ADEPT publishes 'invaluable' live labs report


The ADEPT SMART Places Live Labs Programme has published its final programme review, which highlights the successes and difficulties experienced by the trials over nearly three years.

The eight Live Labs set out to trial innovation in the management and maintenance of local highways across data and communications, materials, energy and mobility, backed by £22.9m from the Department for Transport (DfT).

The programme included trials using kinetic, thermal and solar energy; sensors and drones to assess local roads' maintenance needs; data analytics to support air quality management, congestion and travel planning; and waste plastics for road surfacing.

Council directors’ body ADEPT said the report, written by Karen Farquharson of Proving Services, ‘highlights the learnings, outcomes and challenges encountered by each Live Lab and how they created new and often complex partnerships, implemented new technologies and found new applications, even moving into adult social care’.

It added that the independent report, which includes evaluations of each programme, ‘does not shy away from some of the issues individual Live Labs encountered, particularly in procurement, but also with supply chains, partnerships and the initial project scope causing delays’.

Neil Gibson, chair of the Live Labs Commissioning Board, said local authorities would find the report ‘invaluable in determining their own routes to innovation’.

He said: ‘It is as important to understand why trials didn’t work out and the skills, approaches and mindset needed to introduce new technologies, as it is to showcase success.’

Ms Farquharson said: ‘From the start, the ethos of the programme has been on shared and disseminated learning. This applies not just to the project outcomes but the way the innovation is funded, structured and delivered.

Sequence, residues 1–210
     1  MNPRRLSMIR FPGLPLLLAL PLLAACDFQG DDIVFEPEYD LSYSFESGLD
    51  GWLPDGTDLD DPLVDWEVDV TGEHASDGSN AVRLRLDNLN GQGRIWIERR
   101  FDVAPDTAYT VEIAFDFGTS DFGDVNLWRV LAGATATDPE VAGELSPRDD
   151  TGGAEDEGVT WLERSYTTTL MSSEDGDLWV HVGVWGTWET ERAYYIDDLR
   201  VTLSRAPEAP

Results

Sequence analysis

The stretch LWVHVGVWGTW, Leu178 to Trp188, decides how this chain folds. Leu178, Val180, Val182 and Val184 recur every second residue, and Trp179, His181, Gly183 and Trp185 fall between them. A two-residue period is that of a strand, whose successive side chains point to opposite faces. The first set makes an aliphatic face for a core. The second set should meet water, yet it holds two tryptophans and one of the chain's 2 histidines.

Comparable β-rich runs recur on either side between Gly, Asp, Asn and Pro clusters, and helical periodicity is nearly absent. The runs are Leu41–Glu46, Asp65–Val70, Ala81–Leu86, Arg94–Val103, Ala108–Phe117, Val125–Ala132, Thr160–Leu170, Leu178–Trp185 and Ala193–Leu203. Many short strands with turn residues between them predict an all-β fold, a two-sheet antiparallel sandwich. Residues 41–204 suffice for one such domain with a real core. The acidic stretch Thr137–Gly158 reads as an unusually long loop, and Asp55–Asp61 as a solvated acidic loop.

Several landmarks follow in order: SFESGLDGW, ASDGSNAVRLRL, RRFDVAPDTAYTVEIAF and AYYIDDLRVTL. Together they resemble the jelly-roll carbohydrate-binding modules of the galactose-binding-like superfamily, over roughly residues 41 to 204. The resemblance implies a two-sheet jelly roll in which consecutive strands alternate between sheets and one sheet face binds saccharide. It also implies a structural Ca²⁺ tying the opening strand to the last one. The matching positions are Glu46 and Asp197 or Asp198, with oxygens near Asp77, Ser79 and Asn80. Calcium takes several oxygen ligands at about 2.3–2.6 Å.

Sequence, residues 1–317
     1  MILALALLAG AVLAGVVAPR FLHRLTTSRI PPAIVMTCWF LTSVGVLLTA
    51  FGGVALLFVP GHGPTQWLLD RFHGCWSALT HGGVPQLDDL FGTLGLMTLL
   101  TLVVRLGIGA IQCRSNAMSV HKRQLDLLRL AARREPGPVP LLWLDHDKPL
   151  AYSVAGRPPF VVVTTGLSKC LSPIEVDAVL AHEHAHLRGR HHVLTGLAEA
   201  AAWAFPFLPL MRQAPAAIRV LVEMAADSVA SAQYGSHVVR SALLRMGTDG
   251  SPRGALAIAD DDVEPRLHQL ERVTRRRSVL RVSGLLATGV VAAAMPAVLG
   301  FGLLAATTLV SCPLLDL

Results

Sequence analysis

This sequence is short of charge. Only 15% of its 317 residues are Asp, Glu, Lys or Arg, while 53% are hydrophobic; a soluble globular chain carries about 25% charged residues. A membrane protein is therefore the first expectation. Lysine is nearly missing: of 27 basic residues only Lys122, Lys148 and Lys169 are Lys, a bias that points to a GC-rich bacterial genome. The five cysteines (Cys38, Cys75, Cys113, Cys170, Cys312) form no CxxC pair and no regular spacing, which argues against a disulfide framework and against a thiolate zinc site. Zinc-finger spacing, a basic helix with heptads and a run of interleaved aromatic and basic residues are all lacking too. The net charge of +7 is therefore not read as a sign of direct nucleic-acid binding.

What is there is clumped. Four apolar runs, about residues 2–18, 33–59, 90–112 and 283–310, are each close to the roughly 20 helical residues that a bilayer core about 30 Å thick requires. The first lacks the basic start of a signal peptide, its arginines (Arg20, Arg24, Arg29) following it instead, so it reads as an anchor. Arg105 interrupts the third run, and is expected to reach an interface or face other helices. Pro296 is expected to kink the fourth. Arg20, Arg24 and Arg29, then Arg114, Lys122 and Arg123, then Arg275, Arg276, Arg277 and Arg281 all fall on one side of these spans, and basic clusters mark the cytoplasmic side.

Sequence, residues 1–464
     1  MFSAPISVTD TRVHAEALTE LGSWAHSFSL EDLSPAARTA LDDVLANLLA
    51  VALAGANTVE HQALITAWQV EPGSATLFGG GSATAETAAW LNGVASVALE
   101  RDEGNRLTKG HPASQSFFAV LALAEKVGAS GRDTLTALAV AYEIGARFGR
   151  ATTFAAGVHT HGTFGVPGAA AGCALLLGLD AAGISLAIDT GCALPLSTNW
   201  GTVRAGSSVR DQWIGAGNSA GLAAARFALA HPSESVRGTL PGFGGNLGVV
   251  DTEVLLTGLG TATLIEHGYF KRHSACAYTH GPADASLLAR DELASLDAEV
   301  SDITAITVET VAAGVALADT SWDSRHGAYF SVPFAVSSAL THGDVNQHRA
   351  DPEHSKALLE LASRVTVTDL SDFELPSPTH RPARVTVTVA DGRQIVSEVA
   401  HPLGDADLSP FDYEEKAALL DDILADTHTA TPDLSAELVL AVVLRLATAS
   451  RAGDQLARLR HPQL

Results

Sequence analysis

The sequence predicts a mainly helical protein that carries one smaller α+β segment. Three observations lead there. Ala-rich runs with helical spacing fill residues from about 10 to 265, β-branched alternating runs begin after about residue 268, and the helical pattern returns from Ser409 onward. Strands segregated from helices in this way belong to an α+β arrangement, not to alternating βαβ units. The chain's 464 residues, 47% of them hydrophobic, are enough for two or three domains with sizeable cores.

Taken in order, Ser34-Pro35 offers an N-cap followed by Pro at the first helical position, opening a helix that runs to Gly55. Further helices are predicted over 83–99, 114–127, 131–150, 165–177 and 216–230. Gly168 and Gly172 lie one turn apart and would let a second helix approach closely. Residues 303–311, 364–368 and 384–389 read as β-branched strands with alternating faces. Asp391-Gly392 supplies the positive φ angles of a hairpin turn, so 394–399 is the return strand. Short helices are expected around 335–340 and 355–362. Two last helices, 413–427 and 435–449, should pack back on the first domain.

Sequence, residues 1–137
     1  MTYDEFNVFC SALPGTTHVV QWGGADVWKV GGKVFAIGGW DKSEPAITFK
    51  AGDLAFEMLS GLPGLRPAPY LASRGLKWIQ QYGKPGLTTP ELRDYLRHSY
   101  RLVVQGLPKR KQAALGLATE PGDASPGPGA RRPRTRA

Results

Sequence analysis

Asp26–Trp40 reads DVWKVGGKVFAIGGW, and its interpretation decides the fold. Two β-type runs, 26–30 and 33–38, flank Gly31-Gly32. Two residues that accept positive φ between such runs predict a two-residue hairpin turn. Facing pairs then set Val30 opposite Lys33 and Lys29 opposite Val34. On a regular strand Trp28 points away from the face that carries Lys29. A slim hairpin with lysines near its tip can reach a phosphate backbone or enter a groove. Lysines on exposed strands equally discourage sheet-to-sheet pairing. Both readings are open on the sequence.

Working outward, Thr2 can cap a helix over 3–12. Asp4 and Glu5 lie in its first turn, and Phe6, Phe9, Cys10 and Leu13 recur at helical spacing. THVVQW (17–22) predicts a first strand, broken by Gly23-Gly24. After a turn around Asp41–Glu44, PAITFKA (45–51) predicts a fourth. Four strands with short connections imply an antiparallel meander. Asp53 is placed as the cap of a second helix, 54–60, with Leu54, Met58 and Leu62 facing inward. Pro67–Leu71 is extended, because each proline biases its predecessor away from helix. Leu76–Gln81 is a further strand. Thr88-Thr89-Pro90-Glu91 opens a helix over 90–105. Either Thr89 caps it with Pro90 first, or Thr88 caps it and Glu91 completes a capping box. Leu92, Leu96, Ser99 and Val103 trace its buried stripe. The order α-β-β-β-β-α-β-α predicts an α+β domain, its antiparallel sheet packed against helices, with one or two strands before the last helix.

‘The individual Live Labs and their delivery partners, together with the Live Lab programme team, have been forthcoming and transparent about their successes and the challenges they have faced. These have been documented and will benefit considerably future, similar initiatives.’

On top of the technological side, ADEPT said it examined how behavioural and cultural change, cross-authority collaboration and re-evaluating risk are essential for successful local authority innovation.

Next steps for the programme include the publication of individual business cases from each Live Lab to enable local authorities to assess the suitability and potential commercialisation of an innovation for its area. These are accessible via a portal hosted by Suffolk County Council.

The eight Live Labs are being led by Buckinghamshire Council, Central Bedfordshire Council, Cumbria County Council, Reading Borough Council, Suffolk County Council, alongside joint projects by Solihull Council and Birmingham City Council (West Midlands), and Kent and Staffordshire County Councils. The programme is supported by project partners Atkins, EY, Kier, O2, Ringway and WSP.

Earlier this month the DfT announced a second round of Live Labs, backed by £30m of government cash.

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